Terry Ratner RN, BS, MFA - nurse, writer, educator - click to return home
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Expressions

Take One, or Two, or Three ...

I had two photo shoots today; one at the Biltmore Resort and Spa and the other at the Biltmore Fashion Park. No, I'm not a movie star, fashion model or even a "want-to-be" actress. I'm just a woman looking for the perfect pose for the homepage of my website. I've sorted through photos saved on my computer searching for a "writer" look. I've rummaged through old picture albums, trying to find a handful that are worthy of my website, but nothing seemed to fit my "writing/nurse" theme.

I needed a photographer to take glamour shots (ha-ha) on short notice, so asking my husband, a restaurateur, seemed like the best and least expensive deal. In order to accommodate me, he had to forfeit his weekly Sunday bicycle ride with "the guys" so he wasn't very excited about our field trip, but grudgingly accepted the no-pay assignment.

If you're thinking he's the photographer of the family-wrong, he's the kind of camera man who cuts off heads, arms, hands and feet. He seldom thinks about what interference he might encounter with people strolling nearby, weathered furniture in the background, or clutter scattered close enough to the subject to be an irritant for the viewer. He doesn't pay attention to his model's attire; whether a low-cut sweater might be too revealing, if her nylons are wrinkle-free, or whether or not her hair is "picture perfect." And of course, he never announces when he's ready to take the photo. It's usually at the time I need to blink, take a deep breath, scratch the side of my nose, or say something important to him.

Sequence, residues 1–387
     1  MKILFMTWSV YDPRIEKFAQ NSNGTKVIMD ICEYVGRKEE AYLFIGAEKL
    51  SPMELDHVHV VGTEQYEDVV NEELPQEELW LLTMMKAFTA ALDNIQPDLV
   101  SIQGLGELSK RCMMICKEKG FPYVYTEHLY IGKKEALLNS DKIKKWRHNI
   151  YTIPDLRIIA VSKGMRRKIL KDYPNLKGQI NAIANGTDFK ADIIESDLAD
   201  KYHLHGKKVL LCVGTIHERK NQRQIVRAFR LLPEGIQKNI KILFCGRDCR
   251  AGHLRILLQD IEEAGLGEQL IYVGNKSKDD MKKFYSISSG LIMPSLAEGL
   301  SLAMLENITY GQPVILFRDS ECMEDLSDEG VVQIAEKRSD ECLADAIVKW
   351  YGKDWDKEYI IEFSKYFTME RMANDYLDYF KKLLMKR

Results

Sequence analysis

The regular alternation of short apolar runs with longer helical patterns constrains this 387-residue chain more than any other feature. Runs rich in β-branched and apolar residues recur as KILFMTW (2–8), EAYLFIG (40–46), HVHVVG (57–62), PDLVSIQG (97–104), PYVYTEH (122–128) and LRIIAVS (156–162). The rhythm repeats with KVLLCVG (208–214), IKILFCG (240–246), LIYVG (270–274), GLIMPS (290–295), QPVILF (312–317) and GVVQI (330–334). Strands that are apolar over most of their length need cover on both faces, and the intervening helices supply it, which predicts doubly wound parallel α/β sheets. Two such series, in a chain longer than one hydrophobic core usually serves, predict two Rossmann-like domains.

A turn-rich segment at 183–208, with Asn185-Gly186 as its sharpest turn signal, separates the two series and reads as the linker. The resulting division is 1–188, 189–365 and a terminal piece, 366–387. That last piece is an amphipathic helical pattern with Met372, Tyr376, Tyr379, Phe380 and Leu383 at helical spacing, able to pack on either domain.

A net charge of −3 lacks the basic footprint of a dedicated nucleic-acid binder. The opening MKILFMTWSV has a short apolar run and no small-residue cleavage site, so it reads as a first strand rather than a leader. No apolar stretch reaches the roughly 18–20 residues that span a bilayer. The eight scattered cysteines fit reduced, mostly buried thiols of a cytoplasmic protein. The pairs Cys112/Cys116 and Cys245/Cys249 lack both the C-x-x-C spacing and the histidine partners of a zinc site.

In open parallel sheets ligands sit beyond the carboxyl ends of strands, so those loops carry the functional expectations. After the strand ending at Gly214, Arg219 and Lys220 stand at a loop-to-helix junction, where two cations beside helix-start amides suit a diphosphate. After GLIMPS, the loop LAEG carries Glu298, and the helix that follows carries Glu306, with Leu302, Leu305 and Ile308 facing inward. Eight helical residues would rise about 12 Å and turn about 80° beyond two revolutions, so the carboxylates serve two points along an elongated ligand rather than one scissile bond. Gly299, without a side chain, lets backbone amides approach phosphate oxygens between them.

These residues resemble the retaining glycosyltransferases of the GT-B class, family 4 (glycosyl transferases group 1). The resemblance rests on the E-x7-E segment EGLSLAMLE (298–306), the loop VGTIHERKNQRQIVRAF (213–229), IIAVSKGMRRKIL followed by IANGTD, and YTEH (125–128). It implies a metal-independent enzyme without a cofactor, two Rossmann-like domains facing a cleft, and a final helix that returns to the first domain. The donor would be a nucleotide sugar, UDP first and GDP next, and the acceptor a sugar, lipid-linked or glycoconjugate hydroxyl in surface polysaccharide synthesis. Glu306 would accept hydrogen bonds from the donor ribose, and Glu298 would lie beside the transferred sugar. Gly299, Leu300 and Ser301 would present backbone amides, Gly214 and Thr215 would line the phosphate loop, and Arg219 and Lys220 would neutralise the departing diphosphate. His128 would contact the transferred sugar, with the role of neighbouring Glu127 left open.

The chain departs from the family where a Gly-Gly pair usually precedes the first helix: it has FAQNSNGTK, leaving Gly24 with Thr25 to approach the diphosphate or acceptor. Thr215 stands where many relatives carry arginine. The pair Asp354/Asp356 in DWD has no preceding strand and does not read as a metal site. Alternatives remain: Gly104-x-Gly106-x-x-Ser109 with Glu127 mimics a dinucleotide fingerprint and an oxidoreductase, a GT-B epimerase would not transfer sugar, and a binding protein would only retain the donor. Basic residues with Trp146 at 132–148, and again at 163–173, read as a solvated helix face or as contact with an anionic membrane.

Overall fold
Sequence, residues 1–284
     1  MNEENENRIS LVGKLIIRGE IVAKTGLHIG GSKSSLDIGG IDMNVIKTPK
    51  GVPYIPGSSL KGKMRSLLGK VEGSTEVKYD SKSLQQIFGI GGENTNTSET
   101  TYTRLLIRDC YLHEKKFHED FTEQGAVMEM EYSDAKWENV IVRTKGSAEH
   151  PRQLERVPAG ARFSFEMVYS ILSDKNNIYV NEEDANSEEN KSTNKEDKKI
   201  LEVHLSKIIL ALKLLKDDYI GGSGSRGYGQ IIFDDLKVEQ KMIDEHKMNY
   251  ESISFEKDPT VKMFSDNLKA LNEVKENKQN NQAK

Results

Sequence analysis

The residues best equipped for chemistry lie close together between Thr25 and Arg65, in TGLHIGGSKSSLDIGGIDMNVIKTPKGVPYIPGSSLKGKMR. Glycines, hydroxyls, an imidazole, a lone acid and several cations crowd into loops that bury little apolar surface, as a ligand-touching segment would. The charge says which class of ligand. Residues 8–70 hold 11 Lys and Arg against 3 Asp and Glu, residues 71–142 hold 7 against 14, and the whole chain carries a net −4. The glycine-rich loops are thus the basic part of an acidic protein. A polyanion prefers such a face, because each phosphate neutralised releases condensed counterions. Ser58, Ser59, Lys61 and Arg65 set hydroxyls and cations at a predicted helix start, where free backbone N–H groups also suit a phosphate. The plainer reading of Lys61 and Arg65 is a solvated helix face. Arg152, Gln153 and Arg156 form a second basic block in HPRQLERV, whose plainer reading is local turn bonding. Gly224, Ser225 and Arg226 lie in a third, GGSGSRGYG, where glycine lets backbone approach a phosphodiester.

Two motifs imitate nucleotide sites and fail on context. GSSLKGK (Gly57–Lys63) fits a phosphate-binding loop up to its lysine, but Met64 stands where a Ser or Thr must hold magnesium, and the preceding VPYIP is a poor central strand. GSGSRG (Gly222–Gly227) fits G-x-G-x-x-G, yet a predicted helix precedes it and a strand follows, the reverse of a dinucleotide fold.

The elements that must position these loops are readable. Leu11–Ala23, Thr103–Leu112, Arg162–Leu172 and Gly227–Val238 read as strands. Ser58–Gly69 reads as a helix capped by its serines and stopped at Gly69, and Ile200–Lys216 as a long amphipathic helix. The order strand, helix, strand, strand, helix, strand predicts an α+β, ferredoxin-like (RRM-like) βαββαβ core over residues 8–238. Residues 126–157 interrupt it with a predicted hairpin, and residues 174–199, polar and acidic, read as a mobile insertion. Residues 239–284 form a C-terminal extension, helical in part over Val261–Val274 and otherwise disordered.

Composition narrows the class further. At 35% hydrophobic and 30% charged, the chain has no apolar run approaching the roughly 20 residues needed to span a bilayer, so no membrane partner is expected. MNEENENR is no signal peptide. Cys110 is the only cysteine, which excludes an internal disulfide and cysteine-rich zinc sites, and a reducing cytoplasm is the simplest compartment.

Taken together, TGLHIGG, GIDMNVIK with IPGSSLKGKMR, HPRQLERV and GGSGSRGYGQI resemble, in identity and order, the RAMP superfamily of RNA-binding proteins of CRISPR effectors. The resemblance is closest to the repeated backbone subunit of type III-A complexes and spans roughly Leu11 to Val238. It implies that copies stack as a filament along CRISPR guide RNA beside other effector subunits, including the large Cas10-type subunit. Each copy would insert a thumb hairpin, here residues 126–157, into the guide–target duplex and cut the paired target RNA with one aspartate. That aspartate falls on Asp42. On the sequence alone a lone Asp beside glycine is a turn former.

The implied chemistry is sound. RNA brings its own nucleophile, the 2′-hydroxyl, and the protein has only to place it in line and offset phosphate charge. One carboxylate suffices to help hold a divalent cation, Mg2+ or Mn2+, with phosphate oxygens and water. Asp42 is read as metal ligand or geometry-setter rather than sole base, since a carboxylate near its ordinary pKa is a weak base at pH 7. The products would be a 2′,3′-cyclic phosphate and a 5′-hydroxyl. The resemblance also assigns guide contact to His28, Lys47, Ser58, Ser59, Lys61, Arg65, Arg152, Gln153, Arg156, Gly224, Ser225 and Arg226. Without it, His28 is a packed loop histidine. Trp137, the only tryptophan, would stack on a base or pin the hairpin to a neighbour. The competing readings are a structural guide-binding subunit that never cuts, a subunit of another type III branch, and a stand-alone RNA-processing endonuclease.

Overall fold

Models, and I use the term loosely, always have to look their best. We must inspect our makeup periodically; no shine on one's nose, a touch of powder and blush, lip gloss and liner, eye makeup evenly applied, mascara not caked, smudged, or smeared, and periodic inspection of one's lips for fading lip color. Remember, no sips of cool water-preserve your lipstick at all costs. What a pain!

Cameramen, like magicians, create impressions for their models. They have a knack for conveying a particular temperament through their actions and words. Photographers talk in soft voices as they focus in on their subject. If it's a sexy shot, they may say, "You're feeling playful, flirty, and mischievous." These are prompts for models so they can act the part. But what do I hear at my photo shoot? "Hurry up-this is the last photo. I'm hungry, tired, and bored." I must admit those words didn't put me in the mood for any particular pose related even remotely to my website, so I had to take the initiative and pretend I was the professional photographer saying the appropriate phrases. There I was acting out at the Biltmore Resort, hoping no one could make out the words as I tried to concentrate on a "mood" saying my lines and reflecting a particular persona.

"You're a nurse/writer/educator. You teach others how to tell their stories. Let me feel it in you smile, see it in your eyes, and every muscle in your body."

That's the best mantra I could muster on such short notice. So there I stood, acting and watching my husband take minutes to focus the camera, complain about the heat, and tell me he couldn't make out my image-that he was just blindly shooting pictures.

I managed to ignore him and kept repeating my chant. My dual role worked, but only to an extent. Most of the photos reflected a subject who glared at her photographer. I guess he did capture the moment. But all was not lost-out of 80 photos, two were acceptable shots.